He even beat Manchester United last season – a career-first for a man who’s faced his ex-employers 24 times as a manager. With the Red Devils coming off the back of that 6-1 demolition by Tottenham, Bruce may well make it two from 25 on Saturday.
5. Werner faces a manager who knows him well
Four games in and Frank Lampard’s yet to decide what his best line-up looks like. That’s hardly a surprise given how active Chelsea were in the transfer market, with Kai Havertz and Timo Werner joining the likes of Tammy Abraham, Callum Hudson-Odoi, Mason Mount and Christian Pulisic as attacking options at Stamford Bridge.
Werner began the campaign through the middle, but his last few appearances have come in a left-sided role. He’s looked sharp at times, not least in his winning of a penalty against Brighton, but is still awaiting his first Premier League goal.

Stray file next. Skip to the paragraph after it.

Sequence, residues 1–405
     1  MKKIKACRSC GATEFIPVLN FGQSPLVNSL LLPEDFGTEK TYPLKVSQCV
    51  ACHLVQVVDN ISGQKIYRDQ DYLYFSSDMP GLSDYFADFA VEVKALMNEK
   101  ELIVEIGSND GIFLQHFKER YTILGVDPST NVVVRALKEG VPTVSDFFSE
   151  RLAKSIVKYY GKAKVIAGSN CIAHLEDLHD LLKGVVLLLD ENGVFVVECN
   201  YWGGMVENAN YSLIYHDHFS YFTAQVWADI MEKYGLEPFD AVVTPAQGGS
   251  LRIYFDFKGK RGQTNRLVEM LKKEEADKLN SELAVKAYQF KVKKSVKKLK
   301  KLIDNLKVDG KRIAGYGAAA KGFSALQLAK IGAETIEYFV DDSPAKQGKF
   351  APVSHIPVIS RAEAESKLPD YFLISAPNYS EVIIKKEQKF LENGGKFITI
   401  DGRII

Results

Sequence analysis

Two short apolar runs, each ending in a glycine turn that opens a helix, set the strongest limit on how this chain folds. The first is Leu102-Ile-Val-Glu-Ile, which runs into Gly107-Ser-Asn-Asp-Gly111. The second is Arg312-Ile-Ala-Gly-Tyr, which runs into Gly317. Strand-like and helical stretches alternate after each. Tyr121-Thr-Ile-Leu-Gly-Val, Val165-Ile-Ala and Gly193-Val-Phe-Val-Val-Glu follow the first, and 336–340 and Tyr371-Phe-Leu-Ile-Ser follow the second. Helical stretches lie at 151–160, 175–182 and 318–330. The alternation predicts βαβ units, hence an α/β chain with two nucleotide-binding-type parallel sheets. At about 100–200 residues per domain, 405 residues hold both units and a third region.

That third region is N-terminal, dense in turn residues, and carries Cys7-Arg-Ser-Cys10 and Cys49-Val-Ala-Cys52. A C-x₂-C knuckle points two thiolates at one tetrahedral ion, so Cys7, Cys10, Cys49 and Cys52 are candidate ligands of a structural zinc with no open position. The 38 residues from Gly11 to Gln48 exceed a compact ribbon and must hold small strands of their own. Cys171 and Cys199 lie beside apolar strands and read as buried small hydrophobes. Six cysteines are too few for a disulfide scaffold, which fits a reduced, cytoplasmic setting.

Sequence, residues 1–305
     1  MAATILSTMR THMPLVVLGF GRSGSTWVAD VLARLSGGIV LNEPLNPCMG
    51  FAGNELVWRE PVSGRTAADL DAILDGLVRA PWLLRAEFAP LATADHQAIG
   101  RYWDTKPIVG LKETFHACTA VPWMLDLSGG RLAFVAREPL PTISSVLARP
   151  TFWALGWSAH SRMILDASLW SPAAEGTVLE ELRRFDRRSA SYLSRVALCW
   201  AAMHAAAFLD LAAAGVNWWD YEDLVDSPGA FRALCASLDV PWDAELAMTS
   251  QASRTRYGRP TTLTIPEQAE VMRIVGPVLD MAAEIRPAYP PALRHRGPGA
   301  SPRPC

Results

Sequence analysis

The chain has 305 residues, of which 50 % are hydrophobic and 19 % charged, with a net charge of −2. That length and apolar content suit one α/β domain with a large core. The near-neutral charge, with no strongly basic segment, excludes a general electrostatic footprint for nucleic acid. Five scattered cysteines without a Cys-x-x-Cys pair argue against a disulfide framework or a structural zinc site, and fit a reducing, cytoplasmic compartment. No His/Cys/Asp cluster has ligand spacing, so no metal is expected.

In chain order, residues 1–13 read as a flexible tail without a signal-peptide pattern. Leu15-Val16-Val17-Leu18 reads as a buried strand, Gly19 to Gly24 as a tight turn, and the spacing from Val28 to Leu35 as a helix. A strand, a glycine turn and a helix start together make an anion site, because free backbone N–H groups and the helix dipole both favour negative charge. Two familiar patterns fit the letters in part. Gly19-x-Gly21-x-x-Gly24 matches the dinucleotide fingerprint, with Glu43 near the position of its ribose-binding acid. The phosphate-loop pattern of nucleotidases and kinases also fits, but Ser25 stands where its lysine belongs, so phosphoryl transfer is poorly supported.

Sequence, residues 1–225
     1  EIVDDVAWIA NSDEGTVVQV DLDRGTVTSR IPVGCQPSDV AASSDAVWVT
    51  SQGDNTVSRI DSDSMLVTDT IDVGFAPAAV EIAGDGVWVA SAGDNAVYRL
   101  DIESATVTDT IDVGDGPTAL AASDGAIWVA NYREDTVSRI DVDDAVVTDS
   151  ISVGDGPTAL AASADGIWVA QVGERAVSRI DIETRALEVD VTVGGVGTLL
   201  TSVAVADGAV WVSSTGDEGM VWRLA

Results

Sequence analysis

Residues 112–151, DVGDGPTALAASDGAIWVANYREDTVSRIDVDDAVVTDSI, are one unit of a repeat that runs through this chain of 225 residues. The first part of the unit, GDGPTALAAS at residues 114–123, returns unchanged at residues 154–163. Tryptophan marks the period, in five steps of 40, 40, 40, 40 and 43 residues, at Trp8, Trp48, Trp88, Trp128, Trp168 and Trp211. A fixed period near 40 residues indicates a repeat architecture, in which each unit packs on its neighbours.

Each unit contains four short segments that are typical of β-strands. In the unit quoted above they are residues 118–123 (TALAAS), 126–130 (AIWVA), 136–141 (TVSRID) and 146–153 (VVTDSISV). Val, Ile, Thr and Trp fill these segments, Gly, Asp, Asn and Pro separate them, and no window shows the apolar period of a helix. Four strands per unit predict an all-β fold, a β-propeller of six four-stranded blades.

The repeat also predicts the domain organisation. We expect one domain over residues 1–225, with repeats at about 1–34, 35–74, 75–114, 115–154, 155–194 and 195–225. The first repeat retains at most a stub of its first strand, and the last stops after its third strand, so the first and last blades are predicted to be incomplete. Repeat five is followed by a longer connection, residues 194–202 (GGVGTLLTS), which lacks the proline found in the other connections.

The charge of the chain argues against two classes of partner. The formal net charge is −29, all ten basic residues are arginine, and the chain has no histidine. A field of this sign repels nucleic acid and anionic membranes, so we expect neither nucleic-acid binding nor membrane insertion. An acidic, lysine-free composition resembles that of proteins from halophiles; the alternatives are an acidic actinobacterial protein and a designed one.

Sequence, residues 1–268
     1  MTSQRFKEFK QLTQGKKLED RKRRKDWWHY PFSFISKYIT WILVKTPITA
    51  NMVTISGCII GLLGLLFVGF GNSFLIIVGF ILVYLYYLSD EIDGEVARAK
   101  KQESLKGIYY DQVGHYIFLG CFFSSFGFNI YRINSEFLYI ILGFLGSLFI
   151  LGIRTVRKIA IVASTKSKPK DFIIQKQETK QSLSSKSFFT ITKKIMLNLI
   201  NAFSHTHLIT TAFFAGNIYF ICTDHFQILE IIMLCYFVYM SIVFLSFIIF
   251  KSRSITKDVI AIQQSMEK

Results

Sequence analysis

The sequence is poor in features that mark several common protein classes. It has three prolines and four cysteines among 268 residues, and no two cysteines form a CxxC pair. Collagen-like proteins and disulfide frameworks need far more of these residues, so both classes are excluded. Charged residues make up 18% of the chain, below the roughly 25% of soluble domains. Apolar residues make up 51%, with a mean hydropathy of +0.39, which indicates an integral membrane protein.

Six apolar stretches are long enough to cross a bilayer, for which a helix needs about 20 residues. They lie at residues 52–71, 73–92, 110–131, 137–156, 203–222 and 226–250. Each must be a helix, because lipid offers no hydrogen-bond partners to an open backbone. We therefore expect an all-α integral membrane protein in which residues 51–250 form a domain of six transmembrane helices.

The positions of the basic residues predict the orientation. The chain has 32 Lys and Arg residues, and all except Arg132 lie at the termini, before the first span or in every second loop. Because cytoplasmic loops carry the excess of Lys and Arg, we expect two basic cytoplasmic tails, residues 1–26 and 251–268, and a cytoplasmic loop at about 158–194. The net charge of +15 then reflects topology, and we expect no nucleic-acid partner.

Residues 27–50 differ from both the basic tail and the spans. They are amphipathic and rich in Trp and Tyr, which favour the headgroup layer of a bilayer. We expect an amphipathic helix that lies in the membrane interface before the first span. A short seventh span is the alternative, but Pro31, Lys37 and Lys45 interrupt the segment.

Werner faces a former manager on Saturday when Ralph Hasenhuttl takes his Southampton team to west London. The striker scored 42 goals in two seasons under the Austrian at RB Leipzig, but he’d settle for one against him this weekend.
6. Fascinating tactical battle awaits at Elland Road
What were your original plans for Monday evening and when did you decide to watch Leeds instead? Marcelo Bielsa’s side have been even more entertaining than anticipated so far this season, and their 1-1 draw with Manchester City last time out was a genuine thriller.
Monday’s meeting with Wolves could be more of a slow-burner, but it should be an engaging watch nonetheless. Nuno Espirito Santo will be content for his team to play on the back foot, absorbing the hosts’ pressure before hitting them on the counter-attack.
It’s an approach that could bear fruit, although Wolves can’t afford a repeat of their defensive slackness in their last away game, a 4-0 defeat by West Ham. Leeds have scored in every match to date, but Nuno will hope his 3-5-2 formation can frustrate the Whites.